We live in a society that doesn’t just cultivate misogyny and sexism, we reward it. We find it entertaining. So no one should be surprised when a man beats his fiancée and he isn’t swiftly and harshly punished.
I was driving my partner to the train station when I first heard the news about the newly released video of Ray Rice. The show “Ebro in the Morning” was playing in my car on Hot 97, a hip-hop station based in New York. It took only a few minutes for me to get angry. Really angry.
The commentary from the show’s host (and VH1’s newest reality star), Ebro Darden, went as expected. While admitting that Rice’s brutal attack on his fiancée was wrong, Darden couldn’t help but point out that his fiancée had decided to stay with him despite the attack. He said it wasn’t really his place to judge a man who beat his fiancée so badly that she lost consciousness and left her mostly uncovered on the cold ground. Darden said that people’s relationships are all different. That women hit men all the time. And, of course, that he was shocked.
Because he hadn’t been at all appalled by the video of Rice dragging his unconscious fiancée out of an elevator and dropping her face-down on the floor?
I don’t know how he didn’t exhaust himself while uttering those same tired lines. Since hip-hop has long been an unapologetic safe haven for misogyny and violence toward women, there will probably be no fall-out for Darden’s remarks.
And, likewise, since football—and sports in general—has shown less tolerance for violence against dogs than attacks on women, I shouldn’t be surprised that there had been no major consequence for Rice’s actions until yesterday.
Just look around. The much-adored Steelers quarterback Ben Roethlisberger is a rapist who attacked women with the help of his teammates. Kobe Bryant had the blood of his alleged rape victim on his T-shirt, and we talk about him like he’s a national icon. Former Dolphins guard Richie Incognito threatened to rape his teammate’s sister. As a joke. Two years ago, an NFL player killed his girlfriend and mother of their 2-month-old infant, before killing himself. And high-schoolers in Steubenville are learning that even a criminal conviction for sexual assault can’t keep a star football player out of uniform.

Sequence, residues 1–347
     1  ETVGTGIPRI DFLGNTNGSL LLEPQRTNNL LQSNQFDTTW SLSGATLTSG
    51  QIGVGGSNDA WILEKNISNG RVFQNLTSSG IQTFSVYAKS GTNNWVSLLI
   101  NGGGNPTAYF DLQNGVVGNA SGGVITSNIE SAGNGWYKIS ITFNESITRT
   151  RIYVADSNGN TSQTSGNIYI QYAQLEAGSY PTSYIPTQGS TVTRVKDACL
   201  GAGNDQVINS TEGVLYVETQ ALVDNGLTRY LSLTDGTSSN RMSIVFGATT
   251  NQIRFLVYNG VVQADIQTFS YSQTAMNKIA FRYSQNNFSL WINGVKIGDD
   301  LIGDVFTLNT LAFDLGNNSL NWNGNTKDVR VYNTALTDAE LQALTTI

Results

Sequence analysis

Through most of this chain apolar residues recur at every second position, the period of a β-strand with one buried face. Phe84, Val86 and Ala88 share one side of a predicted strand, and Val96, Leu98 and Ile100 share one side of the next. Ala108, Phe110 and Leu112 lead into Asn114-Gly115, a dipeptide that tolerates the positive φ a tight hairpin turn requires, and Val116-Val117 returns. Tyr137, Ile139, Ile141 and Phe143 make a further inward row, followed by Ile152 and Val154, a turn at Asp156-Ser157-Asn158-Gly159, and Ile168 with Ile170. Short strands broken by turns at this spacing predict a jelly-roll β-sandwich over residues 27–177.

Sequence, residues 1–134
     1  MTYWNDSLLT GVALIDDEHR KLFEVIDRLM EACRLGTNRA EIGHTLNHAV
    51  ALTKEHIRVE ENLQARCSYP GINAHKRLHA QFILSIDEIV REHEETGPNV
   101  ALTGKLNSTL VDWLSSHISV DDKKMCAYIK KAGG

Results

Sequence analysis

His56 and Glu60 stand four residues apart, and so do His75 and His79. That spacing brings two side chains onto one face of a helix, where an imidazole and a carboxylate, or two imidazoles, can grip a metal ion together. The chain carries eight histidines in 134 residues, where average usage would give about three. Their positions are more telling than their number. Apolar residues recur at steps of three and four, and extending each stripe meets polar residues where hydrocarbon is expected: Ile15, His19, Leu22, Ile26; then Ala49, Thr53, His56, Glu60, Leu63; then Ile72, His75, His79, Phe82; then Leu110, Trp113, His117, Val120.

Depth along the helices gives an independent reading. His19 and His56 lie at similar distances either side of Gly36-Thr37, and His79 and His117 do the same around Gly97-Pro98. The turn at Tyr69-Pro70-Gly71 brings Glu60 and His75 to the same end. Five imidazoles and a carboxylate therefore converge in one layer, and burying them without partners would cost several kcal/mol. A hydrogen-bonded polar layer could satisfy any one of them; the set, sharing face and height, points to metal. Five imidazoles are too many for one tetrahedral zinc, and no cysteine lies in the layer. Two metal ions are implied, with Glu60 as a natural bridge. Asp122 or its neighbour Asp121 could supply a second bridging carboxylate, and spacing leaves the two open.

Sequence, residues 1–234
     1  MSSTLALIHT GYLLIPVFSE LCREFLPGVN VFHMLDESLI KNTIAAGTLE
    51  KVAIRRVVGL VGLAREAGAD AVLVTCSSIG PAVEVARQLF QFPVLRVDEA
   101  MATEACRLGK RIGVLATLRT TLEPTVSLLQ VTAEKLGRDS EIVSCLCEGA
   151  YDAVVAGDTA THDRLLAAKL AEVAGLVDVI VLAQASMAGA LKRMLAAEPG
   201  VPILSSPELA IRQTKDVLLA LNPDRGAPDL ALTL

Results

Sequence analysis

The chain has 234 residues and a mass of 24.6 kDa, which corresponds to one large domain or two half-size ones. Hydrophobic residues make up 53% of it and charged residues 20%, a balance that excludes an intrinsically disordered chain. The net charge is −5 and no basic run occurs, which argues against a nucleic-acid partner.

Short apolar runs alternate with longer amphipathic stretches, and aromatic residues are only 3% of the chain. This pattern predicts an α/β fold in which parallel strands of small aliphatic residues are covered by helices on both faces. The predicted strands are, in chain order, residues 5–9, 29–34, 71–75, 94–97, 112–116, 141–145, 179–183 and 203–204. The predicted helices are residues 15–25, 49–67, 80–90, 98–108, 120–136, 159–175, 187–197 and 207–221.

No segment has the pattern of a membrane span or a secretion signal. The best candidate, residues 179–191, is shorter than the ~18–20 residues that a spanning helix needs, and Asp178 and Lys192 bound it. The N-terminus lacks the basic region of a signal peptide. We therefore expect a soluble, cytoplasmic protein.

I’m sick of people acting surprised about violence toward women.
We live in a society that doesn’t just cultivate misogyny and sexism, we reward it. We commend it. We find it entertaining and manly. We marvel at Rice’s clear physical prowess even as we feel compelled to shake our heads at his violent act. Because being a man is about power, dominance, and brute strength. One of the most cherished pastimes in American sports is entirely devoted to putting scantily clad women and girls literally in the margins of a man’s game as a source of entertainment.
That’s our society.
When NFL Commissioner Roger Goodell decided to suspend Rice for only two games after the assault, he knew what he was doing. When ESPN commentator Stephen A. Smith said that women shouldn’t provoke men when discussing Rice, he meant what he was saying. So do all of those people who argue the solution for military sexual assaults is to remove women from combat.
And this applies to everyone else whose first response is to defend a man whenever there’s an accusation of rape or intimate partner violence. On a small-talk, PTA-meeting, grabbing coffee with a friend, and chatting at the park level of mundanity, people are willfully defending and upholding a system that condones violence against women.
These cycles of violence and feigned surprise are an almost self-satirizing facet of our everyday lives. We have built a society so sick that we have to make it a special point to tell boys that rape is not an appropriate response to dealing with a girl who has lost consciousness. It’s a lesson that even a high-profile music star has recently shown to not have learned.
The question is not why men like Rice hurt their partners, but what we’re doing to stop it. Rice graduated from the school where I teach. I will carry this knowledge into the classroom I enter today. Everything in our society has to be rethought when it comes to stopping violence against women and girls. There are plenty of ways to make it happen. But the first step has to be that we all stop pretending to be shocked, and start admitting that we’re all a part of the reason this keeps happening.
Khadijah Costley White is an assistant professor in the Department of Journalism and Media Studies at Rutgers University in New Brunswick. Find her on Twitter here.